Emily Turner, co-founder of angels & urchins magazine

Emily Turner and Annie Reid co-founded angels & urchins over 15 years ago and the small magazine has since grown to become the go-to bible for London parents, a quarterly glossy packed full of lifestyle features, fashion, travel and trusted What’s On recommendations. Something of an expert, and with four (now teenage) children of her own, the editor shares the wisdom she’s gleaned about family life in London – just in time for the summer holidays that are dawning for parents everywhere:

How long have you lived in London?

All my life. I love it. I’ve always had aspirations to be a taxi driver. I can’t help but think I know a better route than the sat nav. It drives my husband mad.

Where’s home?

Hammersmith, by the river. The water is very calm and at weekends it feels like you’re at the seaside.

What are the pro’s/con’s of bringing up a family in London?

My children all walked to school every day throughout primary and one of them up to GCSEs and I love the sense of community that engenders. They have the identity of being Londoners that I had. They take London’s public spaces, museums and galleries for granted which is a gift. On the downside, I suppose they are townies. I would love them to have had a bit more country in them.

Where are the best places to take little ones this summer?

In this heat, the Lido on the Serpentine is one of London’s best kept secrets if you have pre-schoolers. You have to pay (£4.80 for adults, £1.80 for children, £3.50 for a sun lounger) but it has a lovely paddling pool. Hyde Park and Kensington Gardens are fantastic for all ages this summer. You have Christo’s glorious 20 metre Mastaba floating in the middle of the lake and Frida Esbedo’s Serpentine Pavilion is a mix of materials and water and reflections to wander through. And yesterday morning I finally braved the water for a pre-breakfast swim (not one for children but a great way to start the day).

My favourite theatre for kids is the Little Angel in Islington. It’s absolutely tiny and with an amazing programme of puppet shows, and it was founded by the director Joe Wright’s parents. I have always had a rather romantic notion of him growing up in a flat above the theatre.

What about for older children?

My favourite gallery is Tate Britain. One day my kids WILL get how wonderful it is but at the moment they groan at my love of it, ‘Really mum, it’s just a staircase…’ [It is the most beautiful staircase]. They prefer Tate Modern and the Picasso show would be my must-see of the year.

They enjoyed the Summer Exhibition – Grayson Perry’s curation is all it promised to be and we love that the artworks aren’t marked so you need to look them up in the book and see if the one you like is worth £100 or £100,000. It is a good way to start a discussion about the crazy values ascribed to art.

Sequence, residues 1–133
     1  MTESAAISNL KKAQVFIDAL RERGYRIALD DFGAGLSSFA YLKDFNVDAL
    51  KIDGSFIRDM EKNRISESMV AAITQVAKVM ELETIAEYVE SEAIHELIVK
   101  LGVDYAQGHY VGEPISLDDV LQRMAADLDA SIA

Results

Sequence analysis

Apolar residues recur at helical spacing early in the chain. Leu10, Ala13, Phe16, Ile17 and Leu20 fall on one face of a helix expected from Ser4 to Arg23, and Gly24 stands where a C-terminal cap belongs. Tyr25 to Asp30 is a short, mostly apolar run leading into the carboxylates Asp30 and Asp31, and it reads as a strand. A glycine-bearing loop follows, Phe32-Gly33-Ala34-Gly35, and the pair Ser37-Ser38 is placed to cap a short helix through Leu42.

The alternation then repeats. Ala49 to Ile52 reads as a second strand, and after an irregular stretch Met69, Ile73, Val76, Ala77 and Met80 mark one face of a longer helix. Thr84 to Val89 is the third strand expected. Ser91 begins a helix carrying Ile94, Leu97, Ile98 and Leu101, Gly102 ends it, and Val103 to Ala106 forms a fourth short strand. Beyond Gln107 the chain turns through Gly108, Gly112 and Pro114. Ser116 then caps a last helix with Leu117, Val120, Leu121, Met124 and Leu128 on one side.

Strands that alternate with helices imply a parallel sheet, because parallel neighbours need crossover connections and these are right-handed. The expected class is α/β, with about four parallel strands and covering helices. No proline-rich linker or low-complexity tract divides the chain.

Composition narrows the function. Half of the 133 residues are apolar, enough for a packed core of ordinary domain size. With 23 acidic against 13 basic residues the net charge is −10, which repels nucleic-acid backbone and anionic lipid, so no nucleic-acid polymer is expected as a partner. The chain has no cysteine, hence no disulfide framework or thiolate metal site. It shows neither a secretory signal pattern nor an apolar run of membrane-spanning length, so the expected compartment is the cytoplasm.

My eldest went to the sparkling new galleries at the RAF Museum in Hendon the other day and was wowed. He even designed and test flew his own plane. The Abba show at the Southbank is on until 29 July and is a fab, immersive experience. Perfect to get you in the mood for Mama Mia 2.

Theatre-wise, I am going to A Monster Calls at the Old Vic with my youngest next week and am looking forward to Walking With Dinosaurs at the O2 next month as it has Michaela Strachan in who we interviewed recently for the magazine and she was heaven.

How can you get children to engage when going round an exhibition?

Don’t be too ambitious. If they find one thing they respond to (positively or negatively) they have got something out of it. Try and do your homework before though. If you have a fun backstory to bring a piece of art to life it will stay with them.

Any tips for surviving a long car journey with children?

I am afraid that the answer is the dreaded i-pad/phone though I hate the separateness that brings. When they were younger Stephen Fry came on almost every trip with us – first as the voice of Pooh and then Harry Potter, all eight books. We have a friend who lives abroad who used to send us CD compilations. John Prine’s ‘Glory of True Love’, Old Crow Medicine Show’s ‘Wagon Wheel’, Todd Snider ‘Vinyl Records’ are soundtracks to our family life – sung at top, tuneless volume. And the Killers. Always the Killers on a car journey. Even now, Mr Brightside will get them to take off their head phones.

Favourite family games to play on summer holidays?

Bananagrams – it is genius. Cards, cards and more cards: Shithead, Poker (Texas Hold’em) and now they are older, Bridge – though none of us except my husband knows any of the conventions so we just play it like whist.

Where’s your favourite place for a family holiday? 

The Isle of Wight. My family have a cottage on the south west coast, right on the edge of a cliff. It is tiny but has a big garden so we overflow into tents. It is where I am happiest (and therefore probably nicest). We all get into a gentle routine – trip to the sweetie shop, walk to the pub, beach, ice cream man, more beach. We will be there for a fortnight this summer.

What’s your favourite hotel in the world with/without children?

As a family of six, we haven’t stayed in that many hotels so my answer is probably swayed by how excited we were on the odd occasion we stayed in flashy ones. The kids would say the Half Moon in Jamaica, and we love the Sani Club Halkidiki too, for a family who doesn’t think they like resorts. With my husband, the Duc du St Simon in Paris – it’s old fashioned by spoiling and there’s an excellent oyster bar round the corner.

— Daisy Allsup
12th July 2018